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You can't do All The Things, no matter how efficient you are.

Treat your to-read pile like a river | Oliver Burkeman:

Unfortunately, most advice on productivity and time management takes the needle-in-a-haystack approach instead. It's about becoming more efficient and organised, or better at prioritising, with the implied promise that you might thereby eliminate or disregard enough of life's unimportant nonsense to make time for the meaningful stuff. To stretch a metaphor: it's about reducing the size of the haystack, to make it easier to focus on the needle. There's definitely a role for such techniques; but in the end, the only way to deal with a too-many-needles problem is to confront the fact that it's insoluble – that you definitely won't be fitting everything in. (Of course some such problems, where just scraping a living feels impossible, demand political solutions too – a topic for another time.) It's not a question of rearranging your to-do list so as to make space for all your "big rocks", but of accepting that there are simply too many rocks to fit in the jar. You have to take a stab at deciding what matters most, among your various creative passions/life goals/responsibilities – and then do that, while acknowledging that you'll inevitably be neglecting many other things that matter too.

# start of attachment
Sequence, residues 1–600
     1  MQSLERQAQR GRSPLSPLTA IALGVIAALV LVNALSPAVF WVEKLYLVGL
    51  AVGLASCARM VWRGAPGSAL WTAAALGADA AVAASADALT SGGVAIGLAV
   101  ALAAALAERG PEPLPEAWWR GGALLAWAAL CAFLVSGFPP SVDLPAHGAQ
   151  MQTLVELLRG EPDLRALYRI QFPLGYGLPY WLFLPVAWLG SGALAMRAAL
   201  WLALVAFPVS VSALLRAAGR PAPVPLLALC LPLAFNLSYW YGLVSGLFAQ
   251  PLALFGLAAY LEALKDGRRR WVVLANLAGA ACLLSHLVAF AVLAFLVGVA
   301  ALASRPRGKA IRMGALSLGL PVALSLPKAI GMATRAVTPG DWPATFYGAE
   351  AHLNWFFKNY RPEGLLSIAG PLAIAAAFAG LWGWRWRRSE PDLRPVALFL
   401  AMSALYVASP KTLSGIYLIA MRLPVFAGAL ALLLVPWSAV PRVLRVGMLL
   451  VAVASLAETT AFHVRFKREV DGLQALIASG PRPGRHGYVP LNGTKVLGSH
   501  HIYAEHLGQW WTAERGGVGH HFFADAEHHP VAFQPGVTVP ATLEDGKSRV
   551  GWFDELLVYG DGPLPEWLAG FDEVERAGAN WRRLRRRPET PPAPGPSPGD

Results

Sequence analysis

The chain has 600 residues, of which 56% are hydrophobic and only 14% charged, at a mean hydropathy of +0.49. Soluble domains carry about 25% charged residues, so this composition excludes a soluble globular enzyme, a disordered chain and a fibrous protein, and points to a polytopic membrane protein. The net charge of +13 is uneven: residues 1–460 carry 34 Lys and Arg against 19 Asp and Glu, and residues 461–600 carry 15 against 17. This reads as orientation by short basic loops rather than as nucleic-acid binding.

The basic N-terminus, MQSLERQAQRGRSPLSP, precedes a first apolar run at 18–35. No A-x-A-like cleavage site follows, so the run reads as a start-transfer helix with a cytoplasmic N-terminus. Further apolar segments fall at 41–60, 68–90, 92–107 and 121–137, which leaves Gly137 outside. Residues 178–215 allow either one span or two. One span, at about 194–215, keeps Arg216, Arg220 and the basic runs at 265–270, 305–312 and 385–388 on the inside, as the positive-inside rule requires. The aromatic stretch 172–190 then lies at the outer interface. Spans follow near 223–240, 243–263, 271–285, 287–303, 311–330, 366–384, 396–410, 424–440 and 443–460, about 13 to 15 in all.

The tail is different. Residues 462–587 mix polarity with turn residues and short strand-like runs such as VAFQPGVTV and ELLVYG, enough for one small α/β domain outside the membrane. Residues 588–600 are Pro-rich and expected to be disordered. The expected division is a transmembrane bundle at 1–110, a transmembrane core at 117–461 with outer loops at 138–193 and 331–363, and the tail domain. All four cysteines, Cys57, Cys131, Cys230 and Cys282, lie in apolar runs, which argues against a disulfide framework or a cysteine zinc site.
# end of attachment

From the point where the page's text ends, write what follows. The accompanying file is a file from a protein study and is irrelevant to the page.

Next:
My former workplace was big into the rocks-and-sand metaphor, and Burkeman’s post here gets at what always bothered me about that approach.

We can’t do All The Things, because there are too many things.

Even if we assume that the purveyors and promoters of time management and efficiency strategies and methodologies are on the up-and-up (and I tend to assume they are not), what they are actually offering is the hollow promise that we will not have to take responsibility for choosing which of the things are most important to us.

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